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    Australia Travel Information & Tips

    about the country

    The largest country in Oceania, but the smallest continent in the world, is located in between the Indian and Pacific ocean. Traveling and backpacking around Australia is extremely popular, not least because of sites like the Great Barrier Reef. Australia is very biodiverse above and underwater and has some absolutely breathtaking places to see. Australia is divided into six states: Queensland, New South Wales, Victoria, Tasmania, Western Australia, and South Australia. All of the areas are provide excellent diving opportunities. 

    View Location on Google Map


    The continent located south of the equator attracts scuba divers all year round and mainly to dive the Great Barrier Reef. Nevertheless, the island itself is huge and offers countless of beautiful dive sites beyond the famous reef. The choices for scuba divers are endless from colorful coral reefs, wrecks, giant kelp forests, and big pelagics. You can even dive with the great white sharks! Besides enjoyable fun dives, Australia is also a great place to get your dive certification in the first place as it has dive sites for all levels of divers. More experienced divers can also upgrade their skills by taking some technical diving courses. 

    Check out diving the Mesoamerican Barrier Reef from Belize or the Yucatan in Mexico.

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    Most scuba divers go diving in Australia to see the world heritage area, the Great Barrier Reef, that is home to more than 1500 fish species. Though Australia has a very diverse marine life, the destination is still best for seeing big fish rather than macro life. You can spot lots of different species of sharks like blacktip, whitetip sharks or wobbegongs. Whales are also quite common and you can see some humpback whales and minke whales. The Great Barrier Reef is also home to all the six of the whole world's seven turtle species.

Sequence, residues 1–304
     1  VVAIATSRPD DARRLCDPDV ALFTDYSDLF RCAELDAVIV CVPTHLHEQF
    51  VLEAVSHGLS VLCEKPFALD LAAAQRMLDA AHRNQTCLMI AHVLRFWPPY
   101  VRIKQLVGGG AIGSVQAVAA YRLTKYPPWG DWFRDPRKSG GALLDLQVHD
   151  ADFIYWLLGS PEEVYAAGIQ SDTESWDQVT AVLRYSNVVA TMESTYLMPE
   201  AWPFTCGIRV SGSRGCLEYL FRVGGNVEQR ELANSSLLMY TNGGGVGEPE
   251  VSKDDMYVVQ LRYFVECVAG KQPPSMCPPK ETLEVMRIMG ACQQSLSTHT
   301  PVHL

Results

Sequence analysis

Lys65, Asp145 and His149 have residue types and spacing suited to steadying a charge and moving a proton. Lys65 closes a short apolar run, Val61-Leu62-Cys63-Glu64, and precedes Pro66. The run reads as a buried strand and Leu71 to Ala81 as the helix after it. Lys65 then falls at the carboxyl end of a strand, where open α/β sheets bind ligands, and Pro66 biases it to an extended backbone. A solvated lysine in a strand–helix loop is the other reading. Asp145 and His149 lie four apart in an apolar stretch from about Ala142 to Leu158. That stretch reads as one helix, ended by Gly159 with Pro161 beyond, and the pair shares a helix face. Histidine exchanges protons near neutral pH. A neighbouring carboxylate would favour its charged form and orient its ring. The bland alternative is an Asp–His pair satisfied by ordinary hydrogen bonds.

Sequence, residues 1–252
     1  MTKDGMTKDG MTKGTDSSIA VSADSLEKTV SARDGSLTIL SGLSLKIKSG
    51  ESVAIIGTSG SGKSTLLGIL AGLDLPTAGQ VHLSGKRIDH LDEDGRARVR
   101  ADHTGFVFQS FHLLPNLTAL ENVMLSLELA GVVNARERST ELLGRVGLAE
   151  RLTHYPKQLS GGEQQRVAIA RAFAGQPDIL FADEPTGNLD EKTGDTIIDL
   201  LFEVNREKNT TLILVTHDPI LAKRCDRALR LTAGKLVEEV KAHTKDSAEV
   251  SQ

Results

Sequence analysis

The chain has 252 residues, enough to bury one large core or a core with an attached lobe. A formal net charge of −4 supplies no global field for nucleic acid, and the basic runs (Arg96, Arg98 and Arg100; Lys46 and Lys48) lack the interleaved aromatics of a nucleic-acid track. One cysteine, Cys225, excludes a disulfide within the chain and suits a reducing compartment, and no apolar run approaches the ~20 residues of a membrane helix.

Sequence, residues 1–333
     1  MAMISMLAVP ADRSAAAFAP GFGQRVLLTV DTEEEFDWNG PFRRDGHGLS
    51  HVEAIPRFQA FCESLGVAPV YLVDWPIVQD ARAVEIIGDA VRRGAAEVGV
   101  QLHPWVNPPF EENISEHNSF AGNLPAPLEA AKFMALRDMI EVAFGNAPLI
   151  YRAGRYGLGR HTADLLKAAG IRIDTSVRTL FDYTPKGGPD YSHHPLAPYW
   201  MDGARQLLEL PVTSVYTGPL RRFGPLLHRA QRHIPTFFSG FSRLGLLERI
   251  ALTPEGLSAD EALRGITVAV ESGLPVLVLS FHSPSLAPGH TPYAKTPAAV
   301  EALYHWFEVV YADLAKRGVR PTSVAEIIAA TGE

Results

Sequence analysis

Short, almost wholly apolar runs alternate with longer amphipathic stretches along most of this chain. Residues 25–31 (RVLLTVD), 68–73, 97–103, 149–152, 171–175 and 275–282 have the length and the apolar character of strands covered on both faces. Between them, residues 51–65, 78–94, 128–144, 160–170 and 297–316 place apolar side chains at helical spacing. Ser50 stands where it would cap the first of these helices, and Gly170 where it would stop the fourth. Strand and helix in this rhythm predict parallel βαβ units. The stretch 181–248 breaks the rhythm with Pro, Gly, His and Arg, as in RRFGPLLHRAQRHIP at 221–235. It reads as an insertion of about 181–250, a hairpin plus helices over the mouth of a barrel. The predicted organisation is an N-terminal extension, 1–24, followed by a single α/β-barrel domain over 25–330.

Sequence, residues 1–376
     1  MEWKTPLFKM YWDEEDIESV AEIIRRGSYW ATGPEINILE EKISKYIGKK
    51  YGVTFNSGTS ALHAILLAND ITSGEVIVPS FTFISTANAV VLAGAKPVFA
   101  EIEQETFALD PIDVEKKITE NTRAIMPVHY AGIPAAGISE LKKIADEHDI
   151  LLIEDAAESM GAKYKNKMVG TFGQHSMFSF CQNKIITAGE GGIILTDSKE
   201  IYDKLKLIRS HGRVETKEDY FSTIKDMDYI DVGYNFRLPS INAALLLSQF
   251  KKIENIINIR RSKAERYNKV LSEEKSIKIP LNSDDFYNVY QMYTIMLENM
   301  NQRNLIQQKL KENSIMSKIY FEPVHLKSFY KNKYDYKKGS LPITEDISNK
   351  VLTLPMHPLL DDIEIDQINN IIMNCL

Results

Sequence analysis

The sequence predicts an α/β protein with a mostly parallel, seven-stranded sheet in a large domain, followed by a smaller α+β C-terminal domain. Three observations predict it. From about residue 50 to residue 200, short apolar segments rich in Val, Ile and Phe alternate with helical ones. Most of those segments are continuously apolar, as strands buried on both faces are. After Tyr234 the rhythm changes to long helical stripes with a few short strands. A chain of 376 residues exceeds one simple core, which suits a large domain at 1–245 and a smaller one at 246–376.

Here are some of the marine life you are likely to see when scuba diving in Australia: 

  • Sharks
  • Turtles
  • Whales
  • Manta Rays
  • Dolphins
  • Seals
  • Sea Lions
  • Giant Clams
  • Maori Wrasse
  • Clown Fish
  • Cuttlefish
  • Octopus
  • Seahorse
  • Goblinfish
  • Leafy Seadragon
  • Nudibranch


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The best time to dive fluctuates for what area of Australia you are diving. Numerous areas are accessible year-round, but the southern parts can have bad weather between May-October.  



  • Water Temperatures: Can be anywhere between 70 - 87 degrees.
  • Visibility: Visibility on day trips will be between 50 and 100 ft. while further sites reached via liveaboard can be up to 150 ft. 
  • Depth Range: The majority of dive sites will be relatively shallow, 30 - 60 feet.


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There are several airlines that fly non-stop between Australia and the US. Australia's largest cities receive international flights: Sydney, Melbourne, Brisbane, and Perth. Brisbane has the closest major airport to the Great Barrier Reef, and Cairns - the gateway to the Great Barrier Reef - receives some international flights.

Continue your travels with a trip to neighbouring Thailand. Lookinf for somewhere closer to home? Check out the best diving destinations nearby for Americans.



Dive the Great Barrier Reef, Coral Sea, and Townsville/Yongala from liveaboards offering itineraries during select times of the year. Other locations host land-based dive operators offering shore diving or daily boat trips. Australia is a huge country, so consider what you want to see and where you want to dive when you plan your trip.